679*679 At the close of trial, the judge instructed the jury as follows: For count three, leaving the scene of an accident, the fourth and fifth elements of the offense were that "the defendant knew he had collided with, or caused injury in some other way, to another person" and that "after such collision or injury, [he] did not stop and make known his name, home address, and [vehicle] registration number." On the first full day of deliberations, the jury asked the judge the following question:

"With respect to the fourth element in Count 3, does knowledge of colliding with a person mean to be contemporaneous with the incident for `knowing' that a collision occurred? In other words, if the defendant realized he caused a collision with a person a short time after leaving the scene, is he required to return to the scene so as not to be in violation of Section 24(2)(a )(1) of Chapter 90?"

The next day, over defense counsel's objection, the judge instructed the jury as follows:

"If you determine that the Commonwealth has proved beyond a reasonable doubt that the defendant knew he had collided with or otherwise caused injury to the alleged victim, then, as soon as he knew he had collided with or otherwise caused injury to the alleged victim, he was obligated to stop and provide the necessary information . . . to the alleged victim, if reasonably possible, or, if not, to someone in the alleged victim's interest or to some public officer or other person at or near the place and time of the injury."

Later that day, the jury returned a partial verdict convicting the defendant of count three and acquitting him of count two.

The defendant claims that the judge's instructions regarding G. L. c. 90, 24(2)(a )(1), misstated the law and violated the rule of lenity, due process requirements of fair notice, and Mass. R.Crim.P. 24, 378 Mass. 895 (1979). We disagree.

General Laws c. 90, 24(2)(a )(1), as amended by St. 1991, c. 460, provides: "Whoever operates a motor vehicle upon any way . . . and without stopping and making known his name, residence and the registration number of his motor vehicle, goes away after knowingly colliding with or otherwise causing injury 680*680 to any person not resulting in the death of any person, shall be punished by imprisonment for not less than six months nor more than two years and by a fine of not less than five hundred dollars nor more than one thousand dollars." The information must be provided to the victim, someone acting on the victim's behalf, a public officer, or another appropriate person "at or near the place and time of injury." Commonwealth v. Horsfall, 213 Mass. 232, 236 (1913). Commonwealth v. Donohue, 41 Mass. App. Ct. 91, 94 (1996).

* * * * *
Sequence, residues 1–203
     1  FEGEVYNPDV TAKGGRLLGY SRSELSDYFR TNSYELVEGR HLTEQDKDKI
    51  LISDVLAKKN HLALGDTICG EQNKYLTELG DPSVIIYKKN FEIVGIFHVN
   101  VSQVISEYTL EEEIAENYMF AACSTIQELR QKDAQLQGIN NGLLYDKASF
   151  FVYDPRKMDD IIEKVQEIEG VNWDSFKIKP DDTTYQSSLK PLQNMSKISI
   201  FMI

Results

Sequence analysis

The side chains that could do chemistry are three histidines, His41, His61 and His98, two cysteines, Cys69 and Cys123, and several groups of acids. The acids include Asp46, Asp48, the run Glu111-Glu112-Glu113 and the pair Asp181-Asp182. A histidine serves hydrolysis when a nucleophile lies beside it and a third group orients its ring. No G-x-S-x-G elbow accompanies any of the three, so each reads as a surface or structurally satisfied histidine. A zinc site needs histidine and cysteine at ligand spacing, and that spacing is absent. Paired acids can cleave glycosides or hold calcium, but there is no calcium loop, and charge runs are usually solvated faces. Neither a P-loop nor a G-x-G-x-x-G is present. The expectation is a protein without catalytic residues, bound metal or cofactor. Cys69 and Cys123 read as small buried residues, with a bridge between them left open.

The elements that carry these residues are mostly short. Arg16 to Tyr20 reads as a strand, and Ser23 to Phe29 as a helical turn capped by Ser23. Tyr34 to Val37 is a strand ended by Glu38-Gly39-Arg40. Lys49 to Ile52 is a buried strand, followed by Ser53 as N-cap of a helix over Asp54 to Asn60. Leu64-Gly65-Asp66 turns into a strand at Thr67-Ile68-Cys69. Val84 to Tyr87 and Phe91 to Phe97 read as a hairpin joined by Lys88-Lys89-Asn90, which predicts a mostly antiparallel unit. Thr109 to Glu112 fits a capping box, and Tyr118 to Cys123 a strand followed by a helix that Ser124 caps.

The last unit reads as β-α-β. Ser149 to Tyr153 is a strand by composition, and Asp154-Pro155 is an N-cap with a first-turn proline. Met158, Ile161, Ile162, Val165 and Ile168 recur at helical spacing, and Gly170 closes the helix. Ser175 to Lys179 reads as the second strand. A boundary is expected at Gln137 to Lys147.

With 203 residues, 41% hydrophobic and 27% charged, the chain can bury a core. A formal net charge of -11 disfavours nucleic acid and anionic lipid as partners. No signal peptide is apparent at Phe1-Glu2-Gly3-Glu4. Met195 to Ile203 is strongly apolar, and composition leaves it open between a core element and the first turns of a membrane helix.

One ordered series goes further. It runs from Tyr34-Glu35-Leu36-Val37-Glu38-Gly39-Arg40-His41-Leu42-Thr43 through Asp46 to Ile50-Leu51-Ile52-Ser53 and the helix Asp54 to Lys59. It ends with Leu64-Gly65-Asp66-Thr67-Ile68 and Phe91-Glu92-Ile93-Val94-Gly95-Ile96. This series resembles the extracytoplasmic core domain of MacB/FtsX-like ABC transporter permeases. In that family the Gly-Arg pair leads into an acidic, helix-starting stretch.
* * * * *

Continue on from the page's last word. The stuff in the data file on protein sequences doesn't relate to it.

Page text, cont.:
The judge's instruction was a proper statement of the law. It did not expand the type of conduct made punishable by the statute. She merely instructed the jury that, if they found the defendant knew that he had collided with or otherwise caused injury to another person, then he was required to "stop" and provide the required information at or near the place and time of the collision. The judge's instruction neatly combined the statutory language with guidance from the case law. The instruction appropriately left it to the jury to decide whether the defendant had violated the statute when he did not stop and report the accident at or near the place and time of the collision after he heard an "incredibly loud, short crack" and then drove less than a mile away from the point of impact and discovered a hole in his rear window that he knew to be inconsistent with a gunshot.

We see no ambiguity in the law that required application of the rule of lenity. See Commonwealth v. Carrion, 431 Mass. 44, 46 (2000) ("The rule of lenity does not require, however, that absent an ambiguity we construe a penal statute most favorably to a defendant"). Nor do we accept the defendant's due process argument that it was unforeseeable that the statute would be interpreted to prohibit his conduct. Compare Commonwealth v. Kwiatkowski, 418 Mass. 543, 547 (1994), quoting from Opinion of the Justices, 378 Mass. 822, 826 (1979) ("It is a central tenet of our constitutional law that, as a matter of due process, a criminal statute that fails to give a person of ordinary intelligence fair notice that his contemplated conduct is forbidden should be deemed void for vagueness").